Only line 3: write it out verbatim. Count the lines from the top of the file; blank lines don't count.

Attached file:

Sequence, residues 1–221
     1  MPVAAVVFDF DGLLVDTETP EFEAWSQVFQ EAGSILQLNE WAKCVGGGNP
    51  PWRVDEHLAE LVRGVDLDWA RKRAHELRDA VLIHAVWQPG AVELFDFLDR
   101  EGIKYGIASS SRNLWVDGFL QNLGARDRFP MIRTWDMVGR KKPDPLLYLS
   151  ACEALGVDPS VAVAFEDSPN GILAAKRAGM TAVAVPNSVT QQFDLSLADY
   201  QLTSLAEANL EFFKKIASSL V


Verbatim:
    51  PWRVDEHLAE LVRGVDLDWA RKRAHELRDA VLIHAVWQPG AVELFDFLDR